In 1998, Dr. Vincent Felitti and his colleagues published a groundbreaking article in which the role of adverse childhood experiences (ACEs) on adult health was first identified ( They studied ten risk factors across three types of abuse—psychological, physical, and sexual—and four types of household dysfunction—substance abuse, mental illness, intimate partner violence, and criminal behavior.  As the number of risk factors increased, so did the likelihood that the individual experienced diseases such as heart disease, cancer, stroke, chronic bronchitis or emphysema, and diabetes in later life.  Research in the intervening years has indicated other effects of ACEs—depression, alcoholism and alcohol abuse, illicit drug use, risk for intimate partner violence, and suicide attempts.  For youth, ACEs may mean early initiation of smoking, early initiation of sexual activity, teen pregnancy, and poor academic achievement.

In 2012, Dr. Jack Shonkoff and his colleagues published research that promoted the need for physicians to take a more active role in alleviating toxic stress in childhood ( Their premise was that early adversity leads to later impairments in learning, behavior, and both physical and mental well-being.

As of July 2017, an estimated 22.7% or 2,332,066 persons were under the age of 18 in North Carolina. Because a large percentage of children ages 0 to 3 years visit primary care, pediatric, and public clinics, physicians, nurse practitioners, and physician assistants are in an ideal position to have a positive impact on the development of child outcomes by promoting positive parenting behaviors; offering anticipatory guidance; educating parents about optimal child development outcomes; conducting routine screening, targeted skill-building interventions, and problem-focused counseling; and referring families to community services and supports. Through these measures, primary care clinicians have the opportunity to change the trajectory of children experiencing early adversity by offering evidence-based interventions and support services to mothers and significant others before and after delivery. For example, an estimated 7.5% of children ages 2 to 5 years are abused and neglected.  Primary care providers, pediatricians, and staff at public clinics should have basic skills to provide support and guidance on how to manage negative child behaviors, identify ways to manage both caregiver and child stress, and basic parenting tips. They should also be aware of when a referral to a community partner is needed, and be able to provide a list of where individuals can go to receive the support and services they need. An estimated 11% of women suffer from postpartum depression and maternal depression.  All providers that work with women who are postpartum—obstetrician/gynecologists, pediatricians, primary care providers, and family physicians—should become familiar with the symptoms of postpartum depression, integrate appropriate postpartum screening tools into visits, and ensure that, when clinically indicated, referrals are made to psychiatrists and therapists that have training in supporting women with postpartum or maternal depression.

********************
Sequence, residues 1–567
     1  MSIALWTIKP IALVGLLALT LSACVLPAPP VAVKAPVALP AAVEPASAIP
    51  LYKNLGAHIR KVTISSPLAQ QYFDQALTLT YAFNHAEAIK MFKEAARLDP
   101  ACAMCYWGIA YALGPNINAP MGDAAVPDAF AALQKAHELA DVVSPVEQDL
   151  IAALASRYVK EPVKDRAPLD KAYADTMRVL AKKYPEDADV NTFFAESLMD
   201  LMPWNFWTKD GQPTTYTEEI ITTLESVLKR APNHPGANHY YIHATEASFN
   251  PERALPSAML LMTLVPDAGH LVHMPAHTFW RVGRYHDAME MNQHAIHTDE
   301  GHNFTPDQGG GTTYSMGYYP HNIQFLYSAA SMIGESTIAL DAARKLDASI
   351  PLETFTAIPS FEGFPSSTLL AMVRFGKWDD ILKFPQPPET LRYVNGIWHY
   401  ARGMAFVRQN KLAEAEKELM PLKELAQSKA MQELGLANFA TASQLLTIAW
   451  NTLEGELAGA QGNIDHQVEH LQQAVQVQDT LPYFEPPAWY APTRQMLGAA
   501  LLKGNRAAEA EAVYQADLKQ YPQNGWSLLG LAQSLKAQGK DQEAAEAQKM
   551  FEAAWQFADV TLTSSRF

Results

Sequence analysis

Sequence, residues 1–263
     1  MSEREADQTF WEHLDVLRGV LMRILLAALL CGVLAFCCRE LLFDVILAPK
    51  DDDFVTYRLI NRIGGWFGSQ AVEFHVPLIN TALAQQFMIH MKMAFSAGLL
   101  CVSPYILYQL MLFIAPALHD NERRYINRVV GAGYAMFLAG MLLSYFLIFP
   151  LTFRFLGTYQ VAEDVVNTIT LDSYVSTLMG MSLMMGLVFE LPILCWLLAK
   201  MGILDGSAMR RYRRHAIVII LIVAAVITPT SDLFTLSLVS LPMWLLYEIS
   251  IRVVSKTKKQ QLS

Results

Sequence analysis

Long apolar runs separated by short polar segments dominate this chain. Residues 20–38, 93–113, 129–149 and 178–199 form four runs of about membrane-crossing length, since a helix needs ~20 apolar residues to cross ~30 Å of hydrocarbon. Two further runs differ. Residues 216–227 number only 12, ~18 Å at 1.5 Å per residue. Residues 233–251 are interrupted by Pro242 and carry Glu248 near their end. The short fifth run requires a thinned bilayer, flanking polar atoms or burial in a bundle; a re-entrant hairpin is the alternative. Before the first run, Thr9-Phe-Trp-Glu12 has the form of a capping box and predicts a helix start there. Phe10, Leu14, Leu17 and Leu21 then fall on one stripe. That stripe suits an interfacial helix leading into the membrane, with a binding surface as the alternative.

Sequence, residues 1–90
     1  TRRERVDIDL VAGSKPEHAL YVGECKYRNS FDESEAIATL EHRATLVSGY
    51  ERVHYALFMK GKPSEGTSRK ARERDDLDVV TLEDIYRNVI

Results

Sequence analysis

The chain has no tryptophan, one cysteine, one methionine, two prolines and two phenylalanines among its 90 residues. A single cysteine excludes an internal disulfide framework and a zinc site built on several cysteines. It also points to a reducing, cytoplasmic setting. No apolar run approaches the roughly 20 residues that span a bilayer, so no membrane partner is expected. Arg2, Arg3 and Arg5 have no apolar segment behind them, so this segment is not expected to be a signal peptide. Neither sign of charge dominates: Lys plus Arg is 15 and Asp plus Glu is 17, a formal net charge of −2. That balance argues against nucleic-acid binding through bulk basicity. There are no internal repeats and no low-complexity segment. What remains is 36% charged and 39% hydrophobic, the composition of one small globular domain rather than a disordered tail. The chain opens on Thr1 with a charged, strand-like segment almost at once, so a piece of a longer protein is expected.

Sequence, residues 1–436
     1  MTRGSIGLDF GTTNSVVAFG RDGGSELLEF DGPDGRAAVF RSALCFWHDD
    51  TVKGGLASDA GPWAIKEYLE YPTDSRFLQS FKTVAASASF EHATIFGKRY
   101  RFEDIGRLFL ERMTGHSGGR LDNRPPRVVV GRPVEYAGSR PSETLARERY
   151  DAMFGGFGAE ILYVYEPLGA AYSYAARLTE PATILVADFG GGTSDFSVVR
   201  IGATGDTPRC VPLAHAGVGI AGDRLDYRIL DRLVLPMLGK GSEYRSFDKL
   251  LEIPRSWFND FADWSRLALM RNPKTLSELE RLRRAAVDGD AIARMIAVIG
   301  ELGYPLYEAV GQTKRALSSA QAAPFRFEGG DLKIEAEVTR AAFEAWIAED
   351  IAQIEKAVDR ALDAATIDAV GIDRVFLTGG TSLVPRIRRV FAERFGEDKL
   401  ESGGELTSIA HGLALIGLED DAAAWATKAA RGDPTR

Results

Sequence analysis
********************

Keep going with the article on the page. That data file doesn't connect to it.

Social determinants include health and access to medical care, adequate housing, education, economic stability, lifestyle, and social and community context. When ACEs are viewed as a component of the social determinant of health, healthcare professionals are in the position to effect changes during pregnancy and early childhood by adopting a nonjudgmental, educative role and offering evidence-based interventions that promote supportive and nurturing relationships and reduce toxic stress. Research has indicated that safe, stable, nurturing relationships have a significant protective effect on breaking the cycle of violence and improving health.

The Centers for Disease Control and Prevention has played a large role in issuing a series of prevention guides and tools to assist clinicians and staff of child-serving agencies (

For more on ACEs, go to